Rabbi Mordechai Willig
"'And now, if you listen to My voice and keep My Torah, you will be a treasure to Me'. If you accept [the Torah] upon yourselves now, it will be pleasant to you from now on, for all beginnings are difficult" (Rashi Shemos 19:5).
A difficult beginning seems to be a prerequisite for ultimate success and pleasure. However, Rashi does not define the pleasure that Am Yisrael will experience from now on.
Perhaps the answer lies in the words of Hashem: "You will be a treasure to Me from among all the nations, for all the earth is Mine. You will be for Me a kingdom of Kohanim and a holy people" (19:5,6). With exactly these words and no others (see Rashi), Moshe conveys Hashem's message. If you endure the necessarily difficult beginning, you will be His treasure, His priestly kingdom, and His holy people, thereby experiencing pleasure from now on.
"Hashem gave three good gifts to Am Yisrael, and He gave all of them only through yissurim: Torah, Eretz Yisrael, and olam habba" (Berachos 5a). We are Hashem's treasure, greater than the righteous gentiles (Seforno), because we received and continue to observe the Torah, notwithstanding any related initial difficulties.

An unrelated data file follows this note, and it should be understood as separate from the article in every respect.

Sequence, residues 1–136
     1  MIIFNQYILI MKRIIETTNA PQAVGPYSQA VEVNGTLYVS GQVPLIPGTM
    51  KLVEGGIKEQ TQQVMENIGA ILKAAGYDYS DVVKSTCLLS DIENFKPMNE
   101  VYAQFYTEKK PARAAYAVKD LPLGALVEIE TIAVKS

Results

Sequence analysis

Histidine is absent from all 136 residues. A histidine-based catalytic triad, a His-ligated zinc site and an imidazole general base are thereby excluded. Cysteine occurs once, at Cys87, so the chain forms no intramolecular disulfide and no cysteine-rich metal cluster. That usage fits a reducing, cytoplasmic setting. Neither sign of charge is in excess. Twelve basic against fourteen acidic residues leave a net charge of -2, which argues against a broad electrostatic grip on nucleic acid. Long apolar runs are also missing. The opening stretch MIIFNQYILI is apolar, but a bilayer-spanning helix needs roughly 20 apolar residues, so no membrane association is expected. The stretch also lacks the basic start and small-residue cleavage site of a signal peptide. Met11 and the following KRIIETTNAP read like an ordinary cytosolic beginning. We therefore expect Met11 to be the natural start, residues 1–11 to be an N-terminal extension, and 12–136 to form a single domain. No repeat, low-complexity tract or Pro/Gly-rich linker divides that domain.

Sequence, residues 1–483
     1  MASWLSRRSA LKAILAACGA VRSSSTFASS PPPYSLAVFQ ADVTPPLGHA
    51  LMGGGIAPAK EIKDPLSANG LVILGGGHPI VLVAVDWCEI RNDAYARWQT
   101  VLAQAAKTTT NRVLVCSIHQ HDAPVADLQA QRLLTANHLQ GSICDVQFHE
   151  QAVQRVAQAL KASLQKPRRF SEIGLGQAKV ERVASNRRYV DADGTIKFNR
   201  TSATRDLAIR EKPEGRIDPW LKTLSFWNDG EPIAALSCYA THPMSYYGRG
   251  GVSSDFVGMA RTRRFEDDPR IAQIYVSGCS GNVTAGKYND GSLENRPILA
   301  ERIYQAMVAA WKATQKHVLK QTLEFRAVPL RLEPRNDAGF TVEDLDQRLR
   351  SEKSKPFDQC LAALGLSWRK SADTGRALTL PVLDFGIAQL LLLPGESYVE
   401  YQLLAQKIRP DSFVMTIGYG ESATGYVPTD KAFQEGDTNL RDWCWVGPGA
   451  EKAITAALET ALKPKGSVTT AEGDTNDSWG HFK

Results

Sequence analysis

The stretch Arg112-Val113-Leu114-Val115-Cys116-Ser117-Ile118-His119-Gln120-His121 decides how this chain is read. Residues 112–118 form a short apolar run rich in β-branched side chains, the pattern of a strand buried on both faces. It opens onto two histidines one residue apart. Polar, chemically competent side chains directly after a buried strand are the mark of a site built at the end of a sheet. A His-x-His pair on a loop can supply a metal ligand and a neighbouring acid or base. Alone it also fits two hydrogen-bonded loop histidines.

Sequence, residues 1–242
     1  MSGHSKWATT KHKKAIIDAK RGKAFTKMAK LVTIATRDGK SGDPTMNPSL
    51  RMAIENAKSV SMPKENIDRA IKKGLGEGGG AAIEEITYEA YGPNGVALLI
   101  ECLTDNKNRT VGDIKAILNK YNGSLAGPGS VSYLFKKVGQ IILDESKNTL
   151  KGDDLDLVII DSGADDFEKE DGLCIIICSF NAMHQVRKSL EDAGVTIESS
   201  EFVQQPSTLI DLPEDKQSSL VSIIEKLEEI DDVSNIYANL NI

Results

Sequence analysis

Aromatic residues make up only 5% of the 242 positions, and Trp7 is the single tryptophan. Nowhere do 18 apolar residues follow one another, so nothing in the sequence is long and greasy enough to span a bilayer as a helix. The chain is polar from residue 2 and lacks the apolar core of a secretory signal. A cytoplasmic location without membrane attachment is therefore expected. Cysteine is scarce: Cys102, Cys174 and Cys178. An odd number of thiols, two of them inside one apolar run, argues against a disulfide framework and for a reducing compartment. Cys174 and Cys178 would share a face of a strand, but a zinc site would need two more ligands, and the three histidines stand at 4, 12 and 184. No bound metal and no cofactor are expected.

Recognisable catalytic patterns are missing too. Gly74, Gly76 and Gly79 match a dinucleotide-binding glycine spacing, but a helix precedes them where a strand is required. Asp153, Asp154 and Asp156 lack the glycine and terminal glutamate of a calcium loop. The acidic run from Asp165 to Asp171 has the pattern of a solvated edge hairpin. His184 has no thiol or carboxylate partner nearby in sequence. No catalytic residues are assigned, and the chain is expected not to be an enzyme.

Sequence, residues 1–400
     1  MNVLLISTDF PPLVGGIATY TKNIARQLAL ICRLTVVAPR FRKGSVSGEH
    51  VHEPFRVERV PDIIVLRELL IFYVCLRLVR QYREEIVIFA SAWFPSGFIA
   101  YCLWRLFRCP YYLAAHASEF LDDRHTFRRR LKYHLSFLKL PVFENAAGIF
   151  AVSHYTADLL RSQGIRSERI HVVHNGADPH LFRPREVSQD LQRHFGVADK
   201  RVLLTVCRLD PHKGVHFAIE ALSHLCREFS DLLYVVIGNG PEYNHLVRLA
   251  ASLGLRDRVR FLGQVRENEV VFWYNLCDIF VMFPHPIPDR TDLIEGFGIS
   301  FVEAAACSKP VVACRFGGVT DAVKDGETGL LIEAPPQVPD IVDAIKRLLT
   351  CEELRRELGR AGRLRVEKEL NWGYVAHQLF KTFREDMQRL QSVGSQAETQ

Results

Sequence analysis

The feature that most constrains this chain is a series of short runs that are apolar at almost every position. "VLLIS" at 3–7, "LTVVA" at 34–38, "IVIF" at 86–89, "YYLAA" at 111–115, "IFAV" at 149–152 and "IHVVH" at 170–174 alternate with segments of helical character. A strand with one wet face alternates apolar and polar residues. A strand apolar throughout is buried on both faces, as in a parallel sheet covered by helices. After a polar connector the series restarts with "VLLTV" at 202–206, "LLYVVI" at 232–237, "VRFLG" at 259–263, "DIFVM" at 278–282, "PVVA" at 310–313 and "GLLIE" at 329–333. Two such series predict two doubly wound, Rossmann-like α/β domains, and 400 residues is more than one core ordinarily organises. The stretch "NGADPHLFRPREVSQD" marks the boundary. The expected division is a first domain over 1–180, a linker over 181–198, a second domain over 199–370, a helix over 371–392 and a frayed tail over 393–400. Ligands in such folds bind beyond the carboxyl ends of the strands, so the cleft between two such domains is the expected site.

We are a kingdom, a nation and not merely religious individuals, primarily in Eretz Yisrael. Only there are we called a kahal, a national community (Horayos 3a). This gift, like Torah, is given only after initial difficulties, and is experienced in this world (Or HaChayim). The final gift, being a holy nation, refers to olam habba (Ramban. See also Ramban Devarim 14:1,2). The suffering and pain endured in this world enables the ultimate, indescribable (Berachos 34b) pleasure of the next (See Maharsha Berachos 7a, Avos 5:26).
Thus, it will be pleasant for you from now on. You will lead a Torah life, eventually in Eretz Yisrael, and will ultimately be rewarded in olam habba. All three gifts have difficult beginnings which is a prerequisite for subsequent pleasure.
The anticipation of the ultimate pleasure enables Am Yisrael to survive despite persecution and alternative blandishments of the nations. This is lyrically expressed in the climactic portion of the majestic poem Akdamos, which is read just before the above mentioned pesukim on Shavuos.